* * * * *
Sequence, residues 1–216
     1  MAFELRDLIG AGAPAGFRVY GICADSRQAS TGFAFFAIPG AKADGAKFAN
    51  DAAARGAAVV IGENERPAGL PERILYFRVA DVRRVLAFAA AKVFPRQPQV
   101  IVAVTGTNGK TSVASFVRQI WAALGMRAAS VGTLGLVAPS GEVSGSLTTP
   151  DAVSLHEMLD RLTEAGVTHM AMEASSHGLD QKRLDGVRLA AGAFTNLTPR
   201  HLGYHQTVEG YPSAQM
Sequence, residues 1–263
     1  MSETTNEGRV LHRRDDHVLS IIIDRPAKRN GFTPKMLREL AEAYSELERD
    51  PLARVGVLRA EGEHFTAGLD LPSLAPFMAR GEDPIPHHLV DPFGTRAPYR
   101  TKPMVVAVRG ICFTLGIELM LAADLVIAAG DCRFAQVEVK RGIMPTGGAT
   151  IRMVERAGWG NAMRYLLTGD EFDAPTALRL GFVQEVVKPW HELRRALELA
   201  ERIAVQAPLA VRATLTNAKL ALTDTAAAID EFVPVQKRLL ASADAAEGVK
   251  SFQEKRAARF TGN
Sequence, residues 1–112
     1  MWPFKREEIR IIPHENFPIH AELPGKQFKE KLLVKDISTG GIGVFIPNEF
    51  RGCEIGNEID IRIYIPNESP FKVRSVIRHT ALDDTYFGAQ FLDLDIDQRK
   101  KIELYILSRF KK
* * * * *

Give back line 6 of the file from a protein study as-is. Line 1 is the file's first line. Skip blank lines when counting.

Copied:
   201  HLGYHQTVEG YPSAQM